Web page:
But it wasn’t all philosophical. As I wandered about what looked like a factory, I came across hideous insectoids that wanted me dead. I won’t lie, they reminded me a lot of the bugs from Starship Troopers, but they were still cool looking and fierce. I fought them back with slash attacks, both light and heavy, and a great dodge move. I was very happy Scarlet was made with controller support in mind, as my 360 controller worked marvelously. More and more clues were unearthed as I explored between fights, and the demo culminated with a boss battle against a gigantic spider beast. It tried to burn me with concentrated beams of light, as well as slashing at me with giant appendages. Even then, I was more than a match for it. Overall, this is a really good proof of concept, and I find myself genuinely curious to see where this game goes.
I’m gonna start with the fact I have never played a mobile game on my phone before. Ever. So I wasn’t sure what to expect from Sky: Children of the Light. And I’ll admit, I had a bit of inherent bias against mobile games, thinking most to be cheap cash ins or shovelware. Not so here. Sky has shockingly good production values, including truly vibrant music and lush if simplistic art. The entire game is told visually, through various animations and cutscenes. Despite that, you can read the emotion in each part of the game.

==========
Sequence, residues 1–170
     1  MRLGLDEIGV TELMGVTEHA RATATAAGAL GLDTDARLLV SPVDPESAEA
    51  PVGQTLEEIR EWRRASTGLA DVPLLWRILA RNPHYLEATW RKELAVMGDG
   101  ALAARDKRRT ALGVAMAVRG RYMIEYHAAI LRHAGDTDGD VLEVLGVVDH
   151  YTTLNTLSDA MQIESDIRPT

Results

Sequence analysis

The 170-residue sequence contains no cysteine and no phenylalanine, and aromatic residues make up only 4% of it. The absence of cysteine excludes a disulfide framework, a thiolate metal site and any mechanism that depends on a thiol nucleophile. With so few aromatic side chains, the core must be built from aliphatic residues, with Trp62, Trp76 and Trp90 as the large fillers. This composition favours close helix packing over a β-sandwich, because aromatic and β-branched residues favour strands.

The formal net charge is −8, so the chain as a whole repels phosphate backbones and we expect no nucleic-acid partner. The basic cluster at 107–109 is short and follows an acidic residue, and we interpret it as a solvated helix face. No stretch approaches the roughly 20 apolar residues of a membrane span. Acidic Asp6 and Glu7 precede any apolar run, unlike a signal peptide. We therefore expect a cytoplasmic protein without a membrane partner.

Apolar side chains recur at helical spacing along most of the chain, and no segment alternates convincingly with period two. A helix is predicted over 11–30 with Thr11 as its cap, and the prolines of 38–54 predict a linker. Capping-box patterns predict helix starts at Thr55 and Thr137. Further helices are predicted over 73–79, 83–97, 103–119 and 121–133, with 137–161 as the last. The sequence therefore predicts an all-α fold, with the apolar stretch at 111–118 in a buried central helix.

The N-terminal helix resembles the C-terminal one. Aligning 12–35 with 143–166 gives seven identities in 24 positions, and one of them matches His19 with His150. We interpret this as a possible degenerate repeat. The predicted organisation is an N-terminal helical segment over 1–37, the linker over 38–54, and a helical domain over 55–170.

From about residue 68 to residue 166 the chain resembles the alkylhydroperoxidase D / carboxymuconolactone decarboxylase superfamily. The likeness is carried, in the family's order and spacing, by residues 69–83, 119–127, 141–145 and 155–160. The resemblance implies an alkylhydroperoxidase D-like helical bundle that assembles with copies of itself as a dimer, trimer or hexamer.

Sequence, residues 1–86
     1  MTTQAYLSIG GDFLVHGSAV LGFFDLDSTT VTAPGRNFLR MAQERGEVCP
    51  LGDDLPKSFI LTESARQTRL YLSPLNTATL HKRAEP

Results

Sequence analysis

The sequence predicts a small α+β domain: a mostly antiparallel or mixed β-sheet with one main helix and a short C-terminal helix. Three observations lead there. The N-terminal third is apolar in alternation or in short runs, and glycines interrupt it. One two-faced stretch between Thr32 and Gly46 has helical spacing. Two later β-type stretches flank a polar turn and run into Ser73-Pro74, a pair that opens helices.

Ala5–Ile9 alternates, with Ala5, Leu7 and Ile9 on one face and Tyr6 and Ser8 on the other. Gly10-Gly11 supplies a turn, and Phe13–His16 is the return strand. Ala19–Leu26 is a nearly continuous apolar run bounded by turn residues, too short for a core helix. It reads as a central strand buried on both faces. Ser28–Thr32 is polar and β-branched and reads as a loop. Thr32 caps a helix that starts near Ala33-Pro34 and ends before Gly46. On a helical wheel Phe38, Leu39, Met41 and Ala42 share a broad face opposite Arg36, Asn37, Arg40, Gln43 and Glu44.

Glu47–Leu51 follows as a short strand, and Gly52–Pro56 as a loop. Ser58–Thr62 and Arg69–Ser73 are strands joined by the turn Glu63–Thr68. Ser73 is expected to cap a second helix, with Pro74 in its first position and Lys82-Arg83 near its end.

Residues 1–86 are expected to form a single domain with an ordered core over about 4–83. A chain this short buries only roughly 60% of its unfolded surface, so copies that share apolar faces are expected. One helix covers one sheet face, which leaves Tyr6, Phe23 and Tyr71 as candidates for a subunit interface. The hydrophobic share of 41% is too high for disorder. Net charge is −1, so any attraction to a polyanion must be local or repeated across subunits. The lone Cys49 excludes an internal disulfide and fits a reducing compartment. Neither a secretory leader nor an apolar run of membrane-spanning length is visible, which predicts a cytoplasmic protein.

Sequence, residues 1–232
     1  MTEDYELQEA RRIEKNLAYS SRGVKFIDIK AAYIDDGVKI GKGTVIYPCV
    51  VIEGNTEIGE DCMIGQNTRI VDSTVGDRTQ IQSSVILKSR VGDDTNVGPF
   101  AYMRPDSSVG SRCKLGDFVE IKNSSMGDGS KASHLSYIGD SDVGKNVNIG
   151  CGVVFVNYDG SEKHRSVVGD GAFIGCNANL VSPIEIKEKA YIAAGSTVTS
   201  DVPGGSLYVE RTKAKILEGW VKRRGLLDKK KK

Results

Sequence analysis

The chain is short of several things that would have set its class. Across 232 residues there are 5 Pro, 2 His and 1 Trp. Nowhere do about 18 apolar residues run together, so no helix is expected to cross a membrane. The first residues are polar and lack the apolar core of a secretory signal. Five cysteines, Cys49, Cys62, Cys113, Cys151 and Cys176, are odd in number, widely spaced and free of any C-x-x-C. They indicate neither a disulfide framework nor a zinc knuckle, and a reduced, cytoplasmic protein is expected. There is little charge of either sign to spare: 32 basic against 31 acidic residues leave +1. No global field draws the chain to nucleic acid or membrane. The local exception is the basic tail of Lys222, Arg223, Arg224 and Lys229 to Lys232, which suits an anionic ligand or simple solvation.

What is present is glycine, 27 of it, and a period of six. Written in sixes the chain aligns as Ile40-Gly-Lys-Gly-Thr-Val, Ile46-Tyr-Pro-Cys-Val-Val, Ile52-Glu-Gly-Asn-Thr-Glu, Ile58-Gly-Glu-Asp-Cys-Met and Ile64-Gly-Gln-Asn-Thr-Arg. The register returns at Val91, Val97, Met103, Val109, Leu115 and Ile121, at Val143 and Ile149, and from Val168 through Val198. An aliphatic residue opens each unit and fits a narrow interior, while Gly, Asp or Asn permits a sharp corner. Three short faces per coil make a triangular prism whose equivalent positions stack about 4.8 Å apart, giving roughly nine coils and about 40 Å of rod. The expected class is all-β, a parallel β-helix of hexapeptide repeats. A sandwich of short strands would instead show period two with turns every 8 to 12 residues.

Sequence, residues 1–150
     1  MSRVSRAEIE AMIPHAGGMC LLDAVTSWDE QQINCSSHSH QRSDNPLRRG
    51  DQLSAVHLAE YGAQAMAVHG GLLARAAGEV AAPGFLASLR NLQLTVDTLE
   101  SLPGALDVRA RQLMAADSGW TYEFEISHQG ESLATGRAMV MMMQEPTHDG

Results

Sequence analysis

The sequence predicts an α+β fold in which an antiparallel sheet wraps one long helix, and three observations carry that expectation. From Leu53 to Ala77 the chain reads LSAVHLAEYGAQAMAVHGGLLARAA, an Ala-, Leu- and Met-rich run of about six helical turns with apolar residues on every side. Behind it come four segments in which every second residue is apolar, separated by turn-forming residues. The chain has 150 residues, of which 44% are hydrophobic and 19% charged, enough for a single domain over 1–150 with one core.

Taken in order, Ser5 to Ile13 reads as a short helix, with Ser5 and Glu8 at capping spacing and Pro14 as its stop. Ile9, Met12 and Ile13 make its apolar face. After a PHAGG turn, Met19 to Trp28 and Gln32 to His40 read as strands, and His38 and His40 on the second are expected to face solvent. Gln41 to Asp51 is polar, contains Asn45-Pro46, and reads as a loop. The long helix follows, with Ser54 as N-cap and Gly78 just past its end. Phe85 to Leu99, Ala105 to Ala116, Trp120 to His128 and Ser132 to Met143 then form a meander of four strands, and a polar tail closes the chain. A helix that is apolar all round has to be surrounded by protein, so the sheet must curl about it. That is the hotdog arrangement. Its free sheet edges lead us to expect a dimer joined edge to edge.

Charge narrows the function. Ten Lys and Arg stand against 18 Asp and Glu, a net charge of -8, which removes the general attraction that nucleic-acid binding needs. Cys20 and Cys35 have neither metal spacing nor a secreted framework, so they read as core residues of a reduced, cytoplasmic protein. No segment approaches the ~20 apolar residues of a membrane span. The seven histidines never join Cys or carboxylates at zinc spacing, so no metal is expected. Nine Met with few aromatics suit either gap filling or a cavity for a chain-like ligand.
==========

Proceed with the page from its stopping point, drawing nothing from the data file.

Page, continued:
As for how Sky plays, you naturally fly around hunting for clue and artifacts in an expansive and magical world. You gradually increase your capacity to soar the winds as you wander. Though it took me some getting used to, the controls are also pretty intuitive in Sky. One finger controls your movement, swiping with another changes the camera angle, and pressing and holding various icons lets you do things like pick up candles and react with emojis. I admit I didn’t care much about the latter, but I was all for exploring this breathtaking world. If nothing else, Sky has totally changed my negative bias against mobile gaming. And considering this is a totally free game, I can easily recommend it to everyone.
Finally, I’ll close things out with Tri-Ger. I love the simplicity and challenge of SHMUPs, so I had to try one at USC Games Expo. It has pumping music and simple yet attractive artwork. Your goal is to match colors when destroying enemy waves to increase your score. That’s it, pretty simple. But that’s not the same as easy.
Honestly I had my ass handed to me by Tri-Ger. The enemy projectiles weave back and forth like snakes, and it’s easy to get hit unexpectedly. Oh and did I mention the enemy waves are procedurally generated? That said, it’s a cool premise reminiscent of games like Ikaruga, and the tunes were very catchy and enjoyable. Sure I might have appreciated features like secondary weapons or bombs, but the core experience here has a lot of potential.
All in all, I was quite impressed by the diversity of talent shown by the students at USC Games Expo 2020. I may have to reevaluate my expectations on the abilities of college students after this. Sure not every game was breathtaking, but they all had a lot of heart and skill evident in them. I encourage everyone reading this to check out the other games available at the Expo, and open your minds up to new gaming experiences.
2020 USC Games Expohands on impressionsMacmobileoprainfallPCstudent projects